It’s surely just an odd coincidence, the interesting juxtaposition of back-to-back speeches that will occur on Tuesday night when the governor of Maine delivers his State of the State speech in Augusta right before the president of the United States serves up his State of the Union address in Washington, D.C.

It’s possible, we suppose, that these politically savvy chief executives deliberately scheduled their speeches on the same night for the purpose of upstaging each other’s message. But, as high profile a figure Gov. Paul LePage might be, it’s hard to imagine that he occupies a prominent position on the president’s radar screen.

As for LePage, we’re guessing he could give a hoot about anything Barack Obama says or does. Didn’t the guv once threaten to tell the president to “go to hell?”

So, more than likely, the two speechmakers’ schedules just happened to collide.

At first glance, mentioning LePage and Obama in the same breath might seem like a stretch. They have virtually nothing in common.

Obama is a liberal Democrat. LePage is a conservative Republican. Obama is renowned for his inspiring speeches and soaring rhetoric. LePage can command a room when he speaks, but “eloquent” is not an adjective that routinely shows up in front of his name.

And yet, in one way at least, these two vastly different leaders are disturbingly similar. They both adhere to a political philosophy that has nothing to do with ideology or party affiliation: Divide and conquer.

Both Obama and LePage, either for self-serving political advantage or because each actually believes it will help him advance his policy agenda, approach the task of leadership by pitting classes of constituents with divergent needs and interests against each other. And, for both the governor and the president, the favorite groups to mobilize in this campaign of contentiousness are those citizens best described as the “haves” and the “have-nots.”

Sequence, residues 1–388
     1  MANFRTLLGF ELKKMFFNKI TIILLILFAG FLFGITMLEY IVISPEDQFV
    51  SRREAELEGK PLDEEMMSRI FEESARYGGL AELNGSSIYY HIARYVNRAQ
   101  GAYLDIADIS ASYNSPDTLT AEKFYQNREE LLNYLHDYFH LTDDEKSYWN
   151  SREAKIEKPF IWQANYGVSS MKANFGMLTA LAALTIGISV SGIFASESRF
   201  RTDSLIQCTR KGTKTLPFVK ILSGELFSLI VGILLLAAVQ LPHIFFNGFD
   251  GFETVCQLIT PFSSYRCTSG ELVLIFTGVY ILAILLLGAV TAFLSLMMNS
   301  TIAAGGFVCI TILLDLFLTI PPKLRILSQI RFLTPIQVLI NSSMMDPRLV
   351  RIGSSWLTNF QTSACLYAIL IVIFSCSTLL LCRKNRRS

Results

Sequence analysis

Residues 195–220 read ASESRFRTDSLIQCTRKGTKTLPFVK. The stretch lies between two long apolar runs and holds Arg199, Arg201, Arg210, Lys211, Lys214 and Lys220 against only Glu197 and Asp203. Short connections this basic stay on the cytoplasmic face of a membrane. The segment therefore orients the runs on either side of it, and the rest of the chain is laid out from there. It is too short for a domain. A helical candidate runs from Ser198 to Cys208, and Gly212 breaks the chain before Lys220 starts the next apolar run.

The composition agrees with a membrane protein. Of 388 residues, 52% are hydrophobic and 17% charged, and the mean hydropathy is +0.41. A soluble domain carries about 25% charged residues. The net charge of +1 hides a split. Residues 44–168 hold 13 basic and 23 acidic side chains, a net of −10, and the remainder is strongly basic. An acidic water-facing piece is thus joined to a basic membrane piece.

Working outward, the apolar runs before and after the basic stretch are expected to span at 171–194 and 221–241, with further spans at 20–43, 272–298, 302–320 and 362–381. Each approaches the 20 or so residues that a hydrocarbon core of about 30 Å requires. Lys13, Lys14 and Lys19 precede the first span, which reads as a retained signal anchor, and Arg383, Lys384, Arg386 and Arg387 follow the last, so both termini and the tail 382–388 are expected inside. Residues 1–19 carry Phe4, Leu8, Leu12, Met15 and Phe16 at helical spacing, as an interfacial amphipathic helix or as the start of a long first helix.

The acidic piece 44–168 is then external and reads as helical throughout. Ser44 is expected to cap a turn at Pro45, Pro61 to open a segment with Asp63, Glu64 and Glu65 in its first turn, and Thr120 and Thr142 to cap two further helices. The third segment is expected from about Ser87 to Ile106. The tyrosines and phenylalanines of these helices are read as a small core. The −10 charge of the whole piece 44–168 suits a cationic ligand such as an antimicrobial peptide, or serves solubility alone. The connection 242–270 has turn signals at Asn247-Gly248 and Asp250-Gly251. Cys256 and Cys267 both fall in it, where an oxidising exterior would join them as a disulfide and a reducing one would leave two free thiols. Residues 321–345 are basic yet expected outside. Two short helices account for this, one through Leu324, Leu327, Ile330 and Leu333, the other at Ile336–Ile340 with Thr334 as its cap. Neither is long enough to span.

Attacks on Americans who have committed the atrocity of affluence flow freely from the president, while LePage can always summon up a passionate denunciation of the welfare class.

In this game of rich vs. poor, Obama demonizes those who have climbed the ladder of success; LePage aims his wrath at those for whom the bottom rung of the ladder is hopelessly out of reach.

The nation’s economic problems would be solved, Obama insists, if only the wealthy would ante up more of their income in the form of taxes. Maine’s financial woes, LePage relentlessly reminds us, are in large part the result of overdependence on government assistance by clients of state-subsidized benefits who really should look out for themselves.

And those rich folks who raise Obama’s ire by not paying enough taxes? LePage says they’re paying too much.

We come to you today not to declare which of these views is correct, if either is, or even to offer a judgment about which is closer to the truth.

The purpose of this discussion is to make the point that such divisive rhetoric by elected officials who are expected to unite us in pursuit of the common good is destructive to the interests of all the people these officials were elected to serve.

Our hope is that LePage and Obama will seize the opportunity offered by their same-day speeches to reach out to those they have identified as the enemy — to acknowledge the shared goals and aspirations of all Americans, all Mainers.

But hope is not expectation. What we expect is another round of “us vs. them.” And that’s discouraging — for “us” and for “them.”


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